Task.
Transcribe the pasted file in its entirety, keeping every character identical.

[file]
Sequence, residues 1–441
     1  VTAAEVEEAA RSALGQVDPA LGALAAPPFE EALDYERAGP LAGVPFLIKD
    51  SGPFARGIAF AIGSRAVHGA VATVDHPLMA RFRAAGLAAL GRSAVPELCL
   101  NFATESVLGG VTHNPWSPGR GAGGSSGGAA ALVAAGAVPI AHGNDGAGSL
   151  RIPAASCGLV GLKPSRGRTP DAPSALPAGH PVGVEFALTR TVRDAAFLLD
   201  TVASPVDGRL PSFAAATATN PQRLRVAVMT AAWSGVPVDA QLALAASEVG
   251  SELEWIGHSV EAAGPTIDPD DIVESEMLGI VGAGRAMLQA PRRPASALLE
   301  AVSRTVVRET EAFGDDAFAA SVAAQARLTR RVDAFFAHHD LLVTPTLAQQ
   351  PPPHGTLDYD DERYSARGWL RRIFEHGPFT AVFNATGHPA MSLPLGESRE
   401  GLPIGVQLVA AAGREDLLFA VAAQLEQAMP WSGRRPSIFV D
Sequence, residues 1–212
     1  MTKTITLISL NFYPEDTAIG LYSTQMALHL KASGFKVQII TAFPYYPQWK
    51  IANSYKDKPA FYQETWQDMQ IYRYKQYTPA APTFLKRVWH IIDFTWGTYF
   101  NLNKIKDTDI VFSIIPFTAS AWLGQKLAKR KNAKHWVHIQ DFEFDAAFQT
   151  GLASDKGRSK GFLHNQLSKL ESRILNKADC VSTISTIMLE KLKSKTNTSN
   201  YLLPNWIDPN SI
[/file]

Sequence, residues 1–441
     1  VTAAEVEEAA RSALGQVDPA LGALAAPPFE EALDYERAGP LAGVPFLIKD
    51  SGPFARGIAF AIGSRAVHGA VATVDHPLMA RFRAAGLAAL GRSAVPELCL
   101  NFATESVLGG VTHNPWSPGR GAGGSSGGAA ALVAAGAVPI AHGNDGAGSL
   151  RIPAASCGLV GLKPSRGRTP DAPSALPAGH PVGVEFALTR TVRDAAFLLD
   201  TVASPVDGRL PSFAAATATN PQRLRVAVMT AAWSGVPVDA QLALAASEVG
   251  SELEWIGHSV EAAGPTIDPD DIVESEMLGI VGAGRAMLQA PRRPASALLE
   301  AVSRTVVRET EAFGDDAFAA SVAAQARLTR RVDAFFAHHD LLVTPTLAQQ
   351  PPPHGTLDYD DERYSARGWL RRIFEHGPFT AVFNATGHPA MSLPLGESRE
   401  GLPIGVQLVA AAGREDLLFA VAAQLEQAMP WSGRRPSIFV D
Sequence, residues 1–212
     1  MTKTITLISL NFYPEDTAIG LYSTQMALHL KASGFKVQII TAFPYYPQWK
    51  IANSYKDKPA FYQETWQDMQ IYRYKQYTPA APTFLKRVWH IIDFTWGTYF
   101  NLNKIKDTDI VFSIIPFTAS AWLGQKLAKR KNAKHWVHIQ DFEFDAAFQT
   151  GLASDKGRSK GFLHNQLSKL ESRILNKADC VSTISTIMLE KLKSKTNTSN
   201  YLLPNWIDPN SI